Harry Lourandos

From Wikipedia, the free encyclopedia
Jump to: navigation, search

Harry Lourandos (born 1945) is an Australian archaeologist, Adjunct Professor in the Department of Anthropology, Archaeology and Sociology, School of Arts and Social Sciences at James Cook University, Cairns. He is a leading proponent of the theory that a period of hunter-gatherer intensification occurred between 3000 and 1000 BCE.[1]

Early life and education[edit]

Lourandos was born in Sydney in 1945, to migrant parents from the island of Ithaca in western Greece. The family was involved in restaurants and professions in Sydney. He attended Sydney Grammar School and commenced a degree the University of Sydney in 1963, leading to an honours degree followed by a position as Research Archaeologist at the Tasmanian Museum and Art Gallery, the first professional archaeologist appointed at the museum.[2] In 1970 he obtaned a M.A. in prehistory at the Australian National University followed by a PhD in Anthropology at the University of Sydney in 1980.[2]

in 1973 he became a Teaching Fellow at the Department of Anthropology at the University of Sydney and then in 1979 was a lecturer with the Department of Prehistory at the University of New England. He moved to the University of Queensland in 1986 as Senior Lecturer in the Department of Anthropology and Sociology.[2]

Research[edit]

In 1964-5 Lourandos undertook archaeological fieldwork in Tasmania with Rhys Jones, who had commenced his own archaeological research in tasmania the previous year. In 1965 he helped excavate the Rocky Cape South cave site, and recognising the importance of the 5000-year-old sealed site, contacted Jones and subsequently they carried out a detailed survey and excavation.[3]

It is for his contribution to the Intensification dfebate that Lourandos is best known. Intensification involved an increase in human manipulation of the environment (for example, the construction of eel traps in Victoria[4]), population growth, an increase in trade between groups, a more elaborate social structure, and other cultural changes. A shift in stone tool technology, involving the development of smaller and more intricate points and scrapers, occurred around this time. This was probably also associated with the introduction to the mainland of the Australian dingo.[5][6]

References[edit]

  1. ^ Dr Harry Lourandos, James Cook University
  2. ^ a b c Sandra Bowdler, Harry Lourandos’ life and work: an Australian archaeological odyssey, in The Social Archaeology of Australian Indigenous Societies First ed Bruno David, Bryce Barker and Ian J McNiven Aboriginal Studies Press, 2006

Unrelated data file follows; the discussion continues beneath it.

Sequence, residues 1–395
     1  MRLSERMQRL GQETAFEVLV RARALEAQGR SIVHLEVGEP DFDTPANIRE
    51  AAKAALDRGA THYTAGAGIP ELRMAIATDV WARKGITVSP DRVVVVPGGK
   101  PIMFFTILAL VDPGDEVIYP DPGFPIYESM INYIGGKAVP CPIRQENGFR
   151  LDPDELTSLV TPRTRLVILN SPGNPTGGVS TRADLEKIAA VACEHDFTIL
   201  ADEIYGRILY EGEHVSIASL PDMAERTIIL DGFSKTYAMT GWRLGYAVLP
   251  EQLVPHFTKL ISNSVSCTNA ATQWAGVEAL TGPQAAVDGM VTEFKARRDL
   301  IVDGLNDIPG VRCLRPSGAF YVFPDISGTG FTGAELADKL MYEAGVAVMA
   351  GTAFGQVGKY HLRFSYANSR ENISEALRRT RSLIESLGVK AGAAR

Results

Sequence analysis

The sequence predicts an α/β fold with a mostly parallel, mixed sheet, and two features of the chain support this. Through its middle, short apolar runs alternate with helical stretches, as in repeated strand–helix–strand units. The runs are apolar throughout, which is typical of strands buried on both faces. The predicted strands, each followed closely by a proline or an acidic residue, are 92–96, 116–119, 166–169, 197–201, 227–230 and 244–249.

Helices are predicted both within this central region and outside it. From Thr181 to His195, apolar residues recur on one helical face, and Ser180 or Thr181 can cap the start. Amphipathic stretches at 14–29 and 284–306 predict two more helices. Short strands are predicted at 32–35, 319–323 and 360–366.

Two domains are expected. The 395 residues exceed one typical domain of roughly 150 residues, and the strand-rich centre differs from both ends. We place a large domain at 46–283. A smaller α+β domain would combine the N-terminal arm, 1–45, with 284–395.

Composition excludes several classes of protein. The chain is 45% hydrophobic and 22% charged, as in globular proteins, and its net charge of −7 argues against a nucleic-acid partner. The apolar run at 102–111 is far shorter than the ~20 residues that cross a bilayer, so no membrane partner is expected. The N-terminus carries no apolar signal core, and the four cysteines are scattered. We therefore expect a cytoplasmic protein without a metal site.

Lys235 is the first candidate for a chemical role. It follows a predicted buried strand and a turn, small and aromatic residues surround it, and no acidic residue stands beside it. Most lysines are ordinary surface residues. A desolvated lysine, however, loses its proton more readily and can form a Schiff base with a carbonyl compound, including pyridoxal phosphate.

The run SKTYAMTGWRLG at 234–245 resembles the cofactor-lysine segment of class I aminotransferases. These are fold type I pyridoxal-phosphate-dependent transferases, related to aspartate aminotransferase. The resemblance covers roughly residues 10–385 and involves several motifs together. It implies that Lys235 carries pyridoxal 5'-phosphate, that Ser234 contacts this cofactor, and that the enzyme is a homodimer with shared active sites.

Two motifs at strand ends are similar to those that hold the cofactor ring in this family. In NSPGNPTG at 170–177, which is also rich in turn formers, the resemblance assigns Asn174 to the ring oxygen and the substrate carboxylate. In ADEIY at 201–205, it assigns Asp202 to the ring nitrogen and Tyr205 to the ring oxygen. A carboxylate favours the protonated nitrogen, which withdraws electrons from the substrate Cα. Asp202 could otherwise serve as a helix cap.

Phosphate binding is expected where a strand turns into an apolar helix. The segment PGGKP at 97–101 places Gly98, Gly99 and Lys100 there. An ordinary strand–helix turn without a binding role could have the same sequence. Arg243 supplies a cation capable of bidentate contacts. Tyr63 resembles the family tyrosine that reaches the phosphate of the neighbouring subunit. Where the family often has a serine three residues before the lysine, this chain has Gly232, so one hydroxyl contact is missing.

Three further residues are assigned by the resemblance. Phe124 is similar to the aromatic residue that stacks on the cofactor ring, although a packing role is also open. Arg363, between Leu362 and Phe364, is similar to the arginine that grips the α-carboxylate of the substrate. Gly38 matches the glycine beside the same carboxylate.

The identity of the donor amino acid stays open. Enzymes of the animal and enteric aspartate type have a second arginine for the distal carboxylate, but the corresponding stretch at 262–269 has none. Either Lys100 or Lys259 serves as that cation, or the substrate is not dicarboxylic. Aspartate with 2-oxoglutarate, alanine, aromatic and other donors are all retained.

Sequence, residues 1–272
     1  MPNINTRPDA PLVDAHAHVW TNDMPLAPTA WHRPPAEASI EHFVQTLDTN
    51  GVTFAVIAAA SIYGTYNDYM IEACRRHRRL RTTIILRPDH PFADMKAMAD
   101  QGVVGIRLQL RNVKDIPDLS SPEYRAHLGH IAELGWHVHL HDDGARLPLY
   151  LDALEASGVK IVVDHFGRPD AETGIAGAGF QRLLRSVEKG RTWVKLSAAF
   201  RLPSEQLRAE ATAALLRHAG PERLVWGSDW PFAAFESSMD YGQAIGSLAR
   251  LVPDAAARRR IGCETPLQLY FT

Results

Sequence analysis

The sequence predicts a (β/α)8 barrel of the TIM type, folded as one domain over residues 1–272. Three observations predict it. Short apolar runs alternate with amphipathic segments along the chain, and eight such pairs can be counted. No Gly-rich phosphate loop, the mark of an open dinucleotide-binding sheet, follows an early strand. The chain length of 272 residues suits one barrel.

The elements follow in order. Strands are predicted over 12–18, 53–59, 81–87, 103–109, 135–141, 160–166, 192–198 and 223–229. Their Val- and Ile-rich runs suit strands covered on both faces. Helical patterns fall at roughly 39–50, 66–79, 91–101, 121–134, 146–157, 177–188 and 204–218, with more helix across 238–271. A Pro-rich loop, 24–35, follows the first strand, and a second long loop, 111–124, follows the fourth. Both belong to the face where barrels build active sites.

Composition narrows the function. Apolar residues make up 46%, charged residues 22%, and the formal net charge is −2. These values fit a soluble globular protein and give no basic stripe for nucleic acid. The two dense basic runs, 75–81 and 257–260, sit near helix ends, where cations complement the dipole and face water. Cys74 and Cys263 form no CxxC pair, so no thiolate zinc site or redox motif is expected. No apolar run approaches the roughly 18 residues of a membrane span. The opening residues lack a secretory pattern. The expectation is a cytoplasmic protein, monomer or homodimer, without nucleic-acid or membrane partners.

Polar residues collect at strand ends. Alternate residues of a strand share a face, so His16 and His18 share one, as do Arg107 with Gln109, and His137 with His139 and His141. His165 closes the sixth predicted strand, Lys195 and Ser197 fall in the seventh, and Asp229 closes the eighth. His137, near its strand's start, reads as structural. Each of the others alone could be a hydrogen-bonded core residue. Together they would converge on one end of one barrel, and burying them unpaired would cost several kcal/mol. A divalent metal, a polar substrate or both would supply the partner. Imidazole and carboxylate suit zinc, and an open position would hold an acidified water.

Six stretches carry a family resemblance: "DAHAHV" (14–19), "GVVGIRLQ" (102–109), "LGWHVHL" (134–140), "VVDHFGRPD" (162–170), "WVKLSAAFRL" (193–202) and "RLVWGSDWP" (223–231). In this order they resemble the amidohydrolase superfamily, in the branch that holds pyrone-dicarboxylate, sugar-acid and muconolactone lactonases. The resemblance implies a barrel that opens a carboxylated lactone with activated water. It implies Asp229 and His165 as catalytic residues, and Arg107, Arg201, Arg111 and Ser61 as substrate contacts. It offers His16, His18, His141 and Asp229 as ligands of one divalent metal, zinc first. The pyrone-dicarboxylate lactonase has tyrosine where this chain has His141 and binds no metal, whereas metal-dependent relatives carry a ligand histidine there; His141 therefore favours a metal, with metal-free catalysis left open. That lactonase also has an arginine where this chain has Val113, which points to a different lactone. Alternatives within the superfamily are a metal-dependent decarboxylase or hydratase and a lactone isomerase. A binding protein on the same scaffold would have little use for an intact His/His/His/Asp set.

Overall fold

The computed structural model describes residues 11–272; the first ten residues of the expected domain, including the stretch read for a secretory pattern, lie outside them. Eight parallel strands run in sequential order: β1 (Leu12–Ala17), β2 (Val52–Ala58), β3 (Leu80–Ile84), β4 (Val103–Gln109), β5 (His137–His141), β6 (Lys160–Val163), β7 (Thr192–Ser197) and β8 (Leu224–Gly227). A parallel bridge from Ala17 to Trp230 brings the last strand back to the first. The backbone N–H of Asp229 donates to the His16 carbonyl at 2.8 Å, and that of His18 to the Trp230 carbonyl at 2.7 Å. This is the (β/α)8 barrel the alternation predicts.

3. ^ Jones, R 1971, ‘Rocky Cape and the problem of the Tasmanians’, unpublished PhD thesis, The University of Sydney. p.64
  4. ^ Lourandos, H 1977b, ‘Aboriginal spatial organisation and population: south-western Victoria reconsidered’, Archaeology and Physical Anthropology in Oceania, 12,pp. 202–25.
  5. ^ Lourandos, Harry; Ross, Anne (1994). "The Great 'Intensification Debate': Its history and place in Australian Archaeology". Australian Archaeology 39 (39): 54–63. JSTOR 40287690. 
  6. ^ Lourandos, Harry. (1997). Continent of Hunter-Gatherers. Cambridge: Cambridge University Press. ISBN 0-521-35946-5

Select publications[edit]

  • Lourandos, H., B. David, N. Roche, C. Rowe, A. Holden and S.J. Clarke 2012 Hay Cave: A 30,000-year cultural sequence from the Mitchell-Palmer limestone zone, north Queensland (Australia). In S. G. Haberle and B. David (eds), Peopled Landscapes: Archaeological and Biogeographic Approaches to Landscapes. Terra Australis 34. Canberra: ANU E Press.
  • Lourandos, H. 2008 Constructing ‘hunter-gatherers’, constructing ‘prehistory’: Australia and New Guinea. Australian Archaeology 67:69-78.
  • Lourandos, H. 2002 The archaeology of hunter-gatherer society. In The International Encyclopedia of the Social and Behavioural Sciences. Oxford: Elsevier Sciences Limited.
  • Lourandos, H. 1997 Continent of Hunter-Gatherers: New Perspectives in Australian Prehistory. Cambridge: Cambridge University Press.
  • Lourandos, H. and A. Ross 1994 The great ‘intensification debate’: Its history and place in Australian archaeology. Australian Archaeology 39:54-63.
  • Lourandos, H. 1987 Swamp managers of southwestern Victoria. In D. J. Mulvaney and J. P. White (eds), Australians to 1788, pp. 292–307. Sydney: Fairfax, Syme and Weldon.
  • Lourandos, H. 1983 Intensification: A late Pleistocene-Holocene archaeological sequence from southwestern Victoria. Archaeology in Oceania 18(2):81-94.